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They smile
One morning. In summer. One could give an account of what can be supposed, what obviously was. How the windowpanes were freshly cleaned only yesterday, the rose bug infestation successfully stopped, the front garden weeded, the car parked in the garage ready for the Sunday drive.
They smile. The homemade cake will be served later by H. with coffee on the dinner set in blue that was a wedding present. They smile into the day. Their own home. The garage directly next to the house. The smell of coffee all the way into the afternoon. And then. And then J. went missing.
They sometimes think of him. That day in summer when they would drive out to the country together and drink coffee and the children would go to the outdoor pool later. They are smiling into this day. They don’t know yet.
The sun wanders along the house. It still shines the longest on the wall with the terrace door. J. – his form begins to dissipate in the photograph, this frozen moment, becoming almost indistinguishable from the background of the house. Not that anyone suspected anything. J.’s presence in the photograph and the smiles of the others. The photograph holds this all together.   Birgit Szepanski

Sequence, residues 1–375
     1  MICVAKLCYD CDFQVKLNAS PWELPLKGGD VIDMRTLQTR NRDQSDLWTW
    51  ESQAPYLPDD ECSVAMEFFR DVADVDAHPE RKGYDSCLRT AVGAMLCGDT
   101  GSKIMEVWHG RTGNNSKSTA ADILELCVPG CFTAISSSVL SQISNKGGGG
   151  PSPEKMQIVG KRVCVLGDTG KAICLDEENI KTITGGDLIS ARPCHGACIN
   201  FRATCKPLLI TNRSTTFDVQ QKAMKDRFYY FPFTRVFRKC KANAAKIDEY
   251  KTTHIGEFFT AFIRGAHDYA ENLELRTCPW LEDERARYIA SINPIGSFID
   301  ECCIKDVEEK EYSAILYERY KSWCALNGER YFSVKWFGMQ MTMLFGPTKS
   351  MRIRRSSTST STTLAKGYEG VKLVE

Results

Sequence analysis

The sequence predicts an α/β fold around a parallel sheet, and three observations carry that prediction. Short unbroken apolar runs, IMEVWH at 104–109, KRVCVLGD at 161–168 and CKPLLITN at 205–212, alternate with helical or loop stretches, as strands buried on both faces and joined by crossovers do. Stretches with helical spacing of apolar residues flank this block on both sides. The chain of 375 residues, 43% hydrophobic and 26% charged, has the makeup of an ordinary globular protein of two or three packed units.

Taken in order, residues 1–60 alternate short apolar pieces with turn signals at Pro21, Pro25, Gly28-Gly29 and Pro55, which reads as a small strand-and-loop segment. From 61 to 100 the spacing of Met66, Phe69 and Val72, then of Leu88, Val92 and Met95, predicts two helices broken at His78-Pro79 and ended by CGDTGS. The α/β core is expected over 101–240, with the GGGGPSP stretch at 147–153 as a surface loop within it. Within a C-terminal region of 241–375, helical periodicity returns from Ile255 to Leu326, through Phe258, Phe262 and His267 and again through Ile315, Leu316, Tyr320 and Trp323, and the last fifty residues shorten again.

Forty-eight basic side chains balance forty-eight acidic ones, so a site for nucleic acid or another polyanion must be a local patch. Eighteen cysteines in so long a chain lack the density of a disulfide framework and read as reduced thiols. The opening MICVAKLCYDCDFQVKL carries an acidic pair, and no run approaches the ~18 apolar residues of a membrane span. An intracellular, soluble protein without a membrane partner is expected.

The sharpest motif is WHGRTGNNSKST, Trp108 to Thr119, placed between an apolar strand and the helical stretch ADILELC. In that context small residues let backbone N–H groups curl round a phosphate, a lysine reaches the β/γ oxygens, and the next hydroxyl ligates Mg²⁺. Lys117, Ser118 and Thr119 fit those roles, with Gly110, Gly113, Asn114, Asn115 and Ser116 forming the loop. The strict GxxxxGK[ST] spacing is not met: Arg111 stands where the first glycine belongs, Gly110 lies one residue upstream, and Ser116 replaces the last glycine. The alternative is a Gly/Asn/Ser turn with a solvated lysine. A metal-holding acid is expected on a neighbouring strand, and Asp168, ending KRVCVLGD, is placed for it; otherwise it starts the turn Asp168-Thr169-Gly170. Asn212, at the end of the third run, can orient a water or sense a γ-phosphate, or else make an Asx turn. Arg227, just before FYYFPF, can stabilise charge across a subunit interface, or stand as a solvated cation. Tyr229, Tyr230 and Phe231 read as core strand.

Sometimes I am puzzled by these private photographs of strangers that I am to discuss here, and take a closer look to make sure it’s not me there in the second row from the bottom in front of our house or our neighbour’s house – we all looked the same back then in the 1970s, as did all the private homes and private home allowances – and I was saying, I prefer to take a closer look to see if it could not have been me there in the picture. But those aren’t my parents or neighbours or grandparents there, I think, and I shake my head, disappointed, but also slightly relieved because now this essay at least doesn’t have to be quite so straightforwardly about me or my past or about this familiar feeling of representativeness – proud, in front of some house or weekend home or backdrop like in the theatre. After the performative turn in humanities and social sciences in the past ten years, one can and should regard the entire process of private photograph production and reception perhaps more as a kind of theatrical performance: In creating the picture, for example, we assemble, first offstage and then we come into the picture in-one-shot. And in the theatrical performance of the photograpic situation, we naturally help ourselves to old models for assembling from the era before the age of photography. Our cultural, habitat-settled bodies intuitively think back to theatre image performances from the past, perhaps unconsciously, even back to that legendary image-recording situation of King Charles IV’s family from Spain who, some time in the draughty November of the year 1800, assembled shivering in an unheated hall in their Madrid Palace where Francisco de Goya recorded their image in-one-shot, or at least almost in-one-shot as images at that time were still primarily painted (or drawn) – and at any rate not yet photographed. Or back to Velazquez’ depiction of “Las Meninas” – that magnificent representation of representation – another 150 years earlier. And at the same time, the question of historical difference is raised; a difference that was destroyed during the democratisation process of  image production for private purposes when photography, especially private photography, extensively began to replace painting, and enabled theatrical-representative pictures to be taken not only of royal families in or in front of their “own home” backdrops but also of us all. Rainer Totzke

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